In deciding a motion to dismiss a complaint for failure to state a cause of action pursuant to CPLR 3211 (a) (7), the court must give the pleading a liberal construction, accept all of the facts alleged in the pleading to be true, and accord the plaintiff the benefit of every possible favorable inference in determining whether the allegations fit under any cognizable legal theory (see 511 W. 232nd Owners Corp. v Jennifer Realty Co., 98 NY2d 144 ; Leon v Martinez, 84 NY2d 83 ). Here, applying this standard, the complaint is sufficient to state a cause of action to recover damages arising from tortious interference with prospective contractual relations as against both defendants (see NBT Bancorp v Fleet/Norstar Fin. Group, 87 NY2d 614 ; Baron Assoc., P.C. v RSKCO, 16 AD3d 362 ; Greenway Plaza Off. Park-1 v Metro Constr. Servs., 4 AD3d 328 ; Waste Servs. v Jamaica Ash & Rubbish Removal Co., 262 AD2d 401 ; see generally Carvel Corp. v Noonan, 3 NY3d 182 ). The plaintiff did not allege that he had an employment contract with Multidyne. However, an agreement terminable at will is a prospective contractual relation, and may be tortiously interfered with through malicious or wrongful conduct (see NBT Bancorp v Fleet/Norstar Fin. Group, 87 NY2d at 624; Guard-Life Corp. v Parker Hardware Mfg. Corp., 50 NY2d 183 ; Waste Servs. v Jamaica Ash & Rubbish Removal Co., 262 AD2d 401 ). Wrongful conduct has been defined to include "physical violence, fraud or misrepresentation, civil suits and criminal prosecutions, and some degrees of economic pressure" (Guard-Life Corp. v Parker Hardware Mfg. Corp., 50 NY2d at 191; see also NBT Bancorp v Fleet/Norstar Fin. Group, 87 NY2d at 624). Here, the plaintiff's allegation that the defendants falsely represented to Multidyne that he was exploiting misappropriated trade secrets to engage in unfair competition was sufficient to allege such wrongful conduct, and his allegation that he was terminated as a result was sufficient to allege damages (see Town & Country House & Home Serv. v Newbery, 3 NY2d 554 ; Pearlgreen Corp. v Yau Chi Chu, 8 AD3d 460 ; Walter Karl, Inc. v Wood, 137 AD2d 22 ). Thus, the Supreme Court properly denied those branches of the defendants' motion which were to dismiss the first through third causes of action.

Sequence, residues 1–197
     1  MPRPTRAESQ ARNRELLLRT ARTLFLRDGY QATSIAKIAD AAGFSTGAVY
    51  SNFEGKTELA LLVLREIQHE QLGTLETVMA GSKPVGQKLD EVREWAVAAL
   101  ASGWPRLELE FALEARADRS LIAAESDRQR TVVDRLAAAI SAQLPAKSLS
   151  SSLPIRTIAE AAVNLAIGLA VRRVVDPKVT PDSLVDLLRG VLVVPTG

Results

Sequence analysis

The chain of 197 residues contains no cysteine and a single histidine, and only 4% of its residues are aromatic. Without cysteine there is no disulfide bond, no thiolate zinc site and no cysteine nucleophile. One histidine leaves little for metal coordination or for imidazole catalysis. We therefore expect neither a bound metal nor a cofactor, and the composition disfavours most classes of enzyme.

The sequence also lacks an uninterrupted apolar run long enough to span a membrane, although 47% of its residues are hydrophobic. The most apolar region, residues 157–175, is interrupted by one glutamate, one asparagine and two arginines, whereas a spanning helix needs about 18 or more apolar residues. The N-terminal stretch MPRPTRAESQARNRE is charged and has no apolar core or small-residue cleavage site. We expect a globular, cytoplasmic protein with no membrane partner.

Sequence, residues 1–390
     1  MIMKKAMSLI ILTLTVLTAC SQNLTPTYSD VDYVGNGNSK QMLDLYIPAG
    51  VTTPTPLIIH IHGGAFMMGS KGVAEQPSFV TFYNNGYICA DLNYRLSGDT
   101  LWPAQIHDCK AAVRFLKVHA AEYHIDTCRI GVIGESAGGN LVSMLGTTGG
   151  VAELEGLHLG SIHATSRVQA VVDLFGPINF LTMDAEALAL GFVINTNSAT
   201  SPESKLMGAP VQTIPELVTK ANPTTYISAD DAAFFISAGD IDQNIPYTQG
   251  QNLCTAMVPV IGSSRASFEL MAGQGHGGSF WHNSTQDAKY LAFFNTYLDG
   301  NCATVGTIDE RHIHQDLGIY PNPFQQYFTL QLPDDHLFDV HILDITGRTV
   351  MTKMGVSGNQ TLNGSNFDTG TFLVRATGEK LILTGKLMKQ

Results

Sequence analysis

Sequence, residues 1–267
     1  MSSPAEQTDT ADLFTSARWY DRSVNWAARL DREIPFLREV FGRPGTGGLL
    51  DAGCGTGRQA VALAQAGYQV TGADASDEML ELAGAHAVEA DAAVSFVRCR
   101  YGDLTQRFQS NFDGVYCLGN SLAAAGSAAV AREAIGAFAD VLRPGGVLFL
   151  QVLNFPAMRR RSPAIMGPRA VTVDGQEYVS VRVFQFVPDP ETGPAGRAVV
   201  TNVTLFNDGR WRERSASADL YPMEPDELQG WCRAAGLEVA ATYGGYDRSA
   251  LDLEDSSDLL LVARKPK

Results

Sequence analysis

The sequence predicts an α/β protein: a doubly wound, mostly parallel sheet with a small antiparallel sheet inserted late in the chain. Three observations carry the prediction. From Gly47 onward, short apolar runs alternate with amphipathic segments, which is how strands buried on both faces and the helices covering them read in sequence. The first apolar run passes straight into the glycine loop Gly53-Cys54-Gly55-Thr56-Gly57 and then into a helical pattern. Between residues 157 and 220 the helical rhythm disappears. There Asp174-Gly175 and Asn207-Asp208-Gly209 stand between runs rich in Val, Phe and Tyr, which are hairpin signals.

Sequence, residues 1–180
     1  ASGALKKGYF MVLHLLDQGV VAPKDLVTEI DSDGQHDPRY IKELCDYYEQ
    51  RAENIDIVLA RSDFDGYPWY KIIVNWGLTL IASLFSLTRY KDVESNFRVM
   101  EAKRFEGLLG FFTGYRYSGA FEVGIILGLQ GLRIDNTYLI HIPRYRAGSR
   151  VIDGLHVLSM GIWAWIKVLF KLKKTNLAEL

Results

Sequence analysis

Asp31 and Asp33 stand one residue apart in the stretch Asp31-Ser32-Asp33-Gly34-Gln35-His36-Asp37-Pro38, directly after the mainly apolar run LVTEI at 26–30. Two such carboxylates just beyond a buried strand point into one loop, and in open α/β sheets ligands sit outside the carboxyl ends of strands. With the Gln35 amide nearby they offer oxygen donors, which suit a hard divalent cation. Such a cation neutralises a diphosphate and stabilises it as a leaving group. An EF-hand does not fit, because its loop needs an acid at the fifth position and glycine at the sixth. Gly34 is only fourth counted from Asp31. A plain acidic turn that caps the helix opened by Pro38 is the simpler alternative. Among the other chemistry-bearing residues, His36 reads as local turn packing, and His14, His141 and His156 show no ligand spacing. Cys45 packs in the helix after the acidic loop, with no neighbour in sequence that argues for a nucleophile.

The complaint also sufficiently states a cause of action for a declaration that the restrictive covenant contained in the employment agreement is unenforceable and, although inartful, states a cause of action to recover additional compensation from Meridian (see generally Michael G. Kessler & Assoc., Ltd. v White, 28 AD3d 724 ). Thus, the Supreme Court properly denied those branches of the defendants' motion which were to dismiss the fifth and sixth causes of action. [*3]
However, the fourth cause of action seeking a declaration that the employment agreement with Meridian was unenforceable because it lacked a definite term should have been dismissed. Bare legal conclusions and factual claims which are flatly contradicted by the evidence are not presumed to be true on a motion to dismiss (see Peter F. Gaito Architecture, LLC v Simone Dev. Corp., 46 AD3d 530 ). Here, the employment agreement did not lack a definite term, but rather provided for an initial one-year period of employment to be followed by successive one-year periods of further employment. Rivera, J.P., Ritter, Miller and Dillon, JJ., concur.